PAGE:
IDEAS home Printed from https://ideas.repec.org/
MyIDEAS: Login to save this paper or follow this series

Occupation-specific immigration quotas in political equilibrium

Immigration policies are generally protectionist, yet positive immigration quotas often exist for workers in speci c occupations where the native labor supply is scarce. This paper determines occupation-speci c immigration quotas in a political economy framework with endogenous prices and compares them to the social optimum. It shows that positive quotas for speci c occupations can be the political outcome, even when total welfare e ects of immigration are negative. Two of the main ndings are that the (unique) voting outcome on immigration quotas is i) positive, if workers are immobile across occupations, and ii) negative (positive) for occupations where the native labor supply is suciently large (small), if workers are mobile across occupations.

If you experience problems downloading a file, check if you have the proper application to view it first. In case of further problems read the IDEAS help page. Note that these files are not on the IDEAS site. Please be patient as the files may be large.

File URL: http://homepage.univie.ac.at/Papers.Econ/RePEc/vie/viennp/vie1207.pdf
Download Restriction: no

Paper provided by University of Vienna, Department of Economics in its series Vienna Economics Papers with number 1207.

as
in new window

Length:
Date of creation: Oct 2012
Date of revision:
Handle: RePEc:vie:viennp:1207
Contact details of provider: Web page: http://www.univie.ac.at/vwl

References listed on IDEAS
Please report citation or reference errors to , or , if you are the registered author of the cited work, log in to your RePEc Author Service profile, click on "citations" and make appropriate adjustments.:

as in new window
  1. Dixit Avinash & Rob Rafael, 1994. "Switching Costs and Sectoral Adjustments in General Equilibrium with Uninsured Risk," Journal of Economic Theory, Elsevier, vol. 62(1), pages 48-69, February.
  2. Giovanni Facchini & Anna Maria Mayda, 2008. "From Individual Attitudes towards Migrants to Migration Policy Outcomes. Theory and Evidence," Development Working Papers 251, Centro Studi Luca d\'Agliano, University of Milano.
  3. Anna Maria Mayda, 2006. "Who Is Against Immigration? A Cross-Country Investigation of Individual Attitudes toward Immigrants," The Review of Economics and Statistics, MIT Press, vol. 88(3), pages 510-530, August.
  4. Zachariadis, Marios, 2012. "Immigration and international prices," Journal of International Economics, Elsevier, vol. 87(2), pages 298-311.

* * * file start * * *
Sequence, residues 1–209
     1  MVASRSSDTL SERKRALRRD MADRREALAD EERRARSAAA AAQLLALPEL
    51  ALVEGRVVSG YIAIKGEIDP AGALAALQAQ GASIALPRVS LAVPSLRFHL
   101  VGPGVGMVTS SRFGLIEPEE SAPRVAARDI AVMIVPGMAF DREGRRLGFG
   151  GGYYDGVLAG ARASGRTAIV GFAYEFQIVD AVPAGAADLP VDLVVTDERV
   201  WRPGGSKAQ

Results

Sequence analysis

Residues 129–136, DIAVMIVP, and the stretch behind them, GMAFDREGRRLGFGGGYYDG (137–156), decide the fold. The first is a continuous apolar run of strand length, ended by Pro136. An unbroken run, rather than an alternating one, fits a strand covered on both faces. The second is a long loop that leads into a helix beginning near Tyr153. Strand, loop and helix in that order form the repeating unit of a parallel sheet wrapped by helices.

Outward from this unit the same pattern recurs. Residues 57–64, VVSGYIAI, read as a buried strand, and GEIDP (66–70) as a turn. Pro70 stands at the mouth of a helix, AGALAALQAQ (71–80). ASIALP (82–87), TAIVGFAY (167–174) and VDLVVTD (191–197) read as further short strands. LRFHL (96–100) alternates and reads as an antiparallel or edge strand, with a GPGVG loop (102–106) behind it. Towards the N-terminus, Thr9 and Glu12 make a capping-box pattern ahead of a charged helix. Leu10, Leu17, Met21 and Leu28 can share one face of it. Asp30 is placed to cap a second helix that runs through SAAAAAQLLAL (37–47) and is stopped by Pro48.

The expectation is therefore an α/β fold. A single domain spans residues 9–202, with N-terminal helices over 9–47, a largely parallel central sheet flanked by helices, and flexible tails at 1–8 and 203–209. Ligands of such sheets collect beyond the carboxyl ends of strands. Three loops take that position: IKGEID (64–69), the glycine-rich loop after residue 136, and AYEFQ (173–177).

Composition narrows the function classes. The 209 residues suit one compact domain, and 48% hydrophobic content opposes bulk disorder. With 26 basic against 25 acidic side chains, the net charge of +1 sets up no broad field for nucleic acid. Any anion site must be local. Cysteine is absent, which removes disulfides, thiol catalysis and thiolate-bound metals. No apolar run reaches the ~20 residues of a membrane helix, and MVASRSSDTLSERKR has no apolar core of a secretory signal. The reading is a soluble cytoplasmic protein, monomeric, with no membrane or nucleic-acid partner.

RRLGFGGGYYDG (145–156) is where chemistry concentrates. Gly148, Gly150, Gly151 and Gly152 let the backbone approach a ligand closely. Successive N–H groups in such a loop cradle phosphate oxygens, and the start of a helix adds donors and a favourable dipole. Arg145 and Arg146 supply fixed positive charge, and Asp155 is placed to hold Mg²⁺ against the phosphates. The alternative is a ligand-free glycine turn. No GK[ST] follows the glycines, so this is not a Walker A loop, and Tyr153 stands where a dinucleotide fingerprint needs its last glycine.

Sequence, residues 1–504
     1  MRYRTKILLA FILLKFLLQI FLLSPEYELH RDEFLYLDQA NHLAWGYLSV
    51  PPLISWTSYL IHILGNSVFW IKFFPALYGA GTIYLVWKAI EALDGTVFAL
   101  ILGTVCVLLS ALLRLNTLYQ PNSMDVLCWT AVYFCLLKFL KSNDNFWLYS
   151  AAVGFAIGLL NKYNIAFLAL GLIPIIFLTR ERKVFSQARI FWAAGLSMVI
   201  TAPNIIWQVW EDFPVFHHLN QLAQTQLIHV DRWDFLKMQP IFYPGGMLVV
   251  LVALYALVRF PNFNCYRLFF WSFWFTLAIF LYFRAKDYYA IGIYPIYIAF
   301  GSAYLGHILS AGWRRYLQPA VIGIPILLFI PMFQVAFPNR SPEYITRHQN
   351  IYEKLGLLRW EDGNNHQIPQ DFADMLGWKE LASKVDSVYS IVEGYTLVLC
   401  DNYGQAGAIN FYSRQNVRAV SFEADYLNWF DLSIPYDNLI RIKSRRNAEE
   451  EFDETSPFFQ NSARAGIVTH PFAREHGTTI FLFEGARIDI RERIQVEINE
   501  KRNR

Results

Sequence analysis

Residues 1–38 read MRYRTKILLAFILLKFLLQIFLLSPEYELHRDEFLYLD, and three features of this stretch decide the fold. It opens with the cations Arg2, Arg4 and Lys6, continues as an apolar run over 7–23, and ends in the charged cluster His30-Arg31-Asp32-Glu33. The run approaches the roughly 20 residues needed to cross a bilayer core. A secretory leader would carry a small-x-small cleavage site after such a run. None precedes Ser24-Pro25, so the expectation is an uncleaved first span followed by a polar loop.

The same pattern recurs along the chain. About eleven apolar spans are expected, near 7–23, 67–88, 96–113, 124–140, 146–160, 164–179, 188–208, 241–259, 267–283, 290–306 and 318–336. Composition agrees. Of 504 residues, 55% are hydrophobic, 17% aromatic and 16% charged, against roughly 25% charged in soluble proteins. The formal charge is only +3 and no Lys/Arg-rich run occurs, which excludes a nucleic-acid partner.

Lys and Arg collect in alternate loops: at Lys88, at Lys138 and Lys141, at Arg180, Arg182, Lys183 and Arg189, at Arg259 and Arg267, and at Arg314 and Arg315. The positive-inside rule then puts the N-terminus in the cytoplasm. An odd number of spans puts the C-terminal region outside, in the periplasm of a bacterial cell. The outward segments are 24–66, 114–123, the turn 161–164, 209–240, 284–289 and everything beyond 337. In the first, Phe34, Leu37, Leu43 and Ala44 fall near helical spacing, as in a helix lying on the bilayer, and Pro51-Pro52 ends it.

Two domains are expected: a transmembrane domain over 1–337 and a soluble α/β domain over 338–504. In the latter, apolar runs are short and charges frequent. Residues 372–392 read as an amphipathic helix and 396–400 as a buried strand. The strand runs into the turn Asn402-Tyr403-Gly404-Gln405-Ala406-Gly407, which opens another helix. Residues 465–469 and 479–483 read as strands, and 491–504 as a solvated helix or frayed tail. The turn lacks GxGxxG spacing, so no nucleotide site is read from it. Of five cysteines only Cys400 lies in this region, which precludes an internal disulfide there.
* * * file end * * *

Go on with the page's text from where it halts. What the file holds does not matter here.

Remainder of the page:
5. George J. Borjas & Jeffrey Grogger & Gordon H. Hanson, 2012. "Comment: On Estimating Elasticities Of Substition," Journal of the European Economic Association, European Economic Association, vol. 10(1), pages 198-210, 02.
  6. Jim Dolmas & Gregory W. Huffman, 2004. "On The Political Economy Of Immigration And Income Redistribution," International Economic Review, Department of Economics, University of Pennsylvania and Osaka University Institute of Social and Economic Research Association, vol. 45(4), pages 1129-1168, November.
  7. Ortega, Francesc, 2005. "Immigration quotas and skill upgrading," Journal of Public Economics, Elsevier, vol. 89(9-10), pages 1841-1863, September.
  8. Facchini, Giovanni & Willmann, Gerald, 2005. "The political economy of international factor mobility," Journal of International Economics, Elsevier, vol. 67(1), pages 201-219, September.
  9. Paul W. Miller, 1999. "Immigration Policy and Immigrant Quality: The Australian Points System," American Economic Review, American Economic Association, vol. 89(2), pages 192-197, May.
  10. Tommaso Frattini, 2012. "Immigrazione," Rivista di Politica Economica, SIPI Spa, issue 3, pages 363-407, July-Sept.
  11. Donald R. Davis & David E. Weinstein, 2002. "Technological Superiority and the Losses from Migration," NBER Working Papers 8971, National Bureau of Economic Research, Inc.
  12. Hillman, Arye L. & Weiss, Avi, 1999. "A theory of permissible illegal immigration," European Journal of Political Economy, Elsevier, vol. 15(4), pages 585-604, November.
Full references (including those not matched with items on IDEAS)

This item is not listed on Wikipedia, on a reading list or among the top items on IDEAS.

When requesting a correction, please mention this item's handle: RePEc:vie:viennp:1207. See general information about how to correct material in RePEc.

For technical questions regarding this item, or to correct its authors, title, abstract, bibliographic or download information, contact: (Paper Administrator)

If you have authored this item and are not yet registered with RePEc, we encourage you to do it here. This allows to link your profile to this item. It also allows you to accept potential citations to this item that we are uncertain about.

If references are entirely missing, you can add them using this form.

If the full references list an item that is present in RePEc, but the system did not link to it, you can help with this form.

If you know of missing items citing this one, you can help us creating those links by adding the relevant references in the same way as above, for each refering item. If you are a registered author of this item, you may also want to check the "citations" tab in your profile, as there may be some citations waiting for confirmation.

Please note that corrections may take a couple of weeks to filter through the various RePEc services.

This information is provided to you by IDEAS at the Research Division of the Federal Reserve Bank of St. Louis using RePEc data.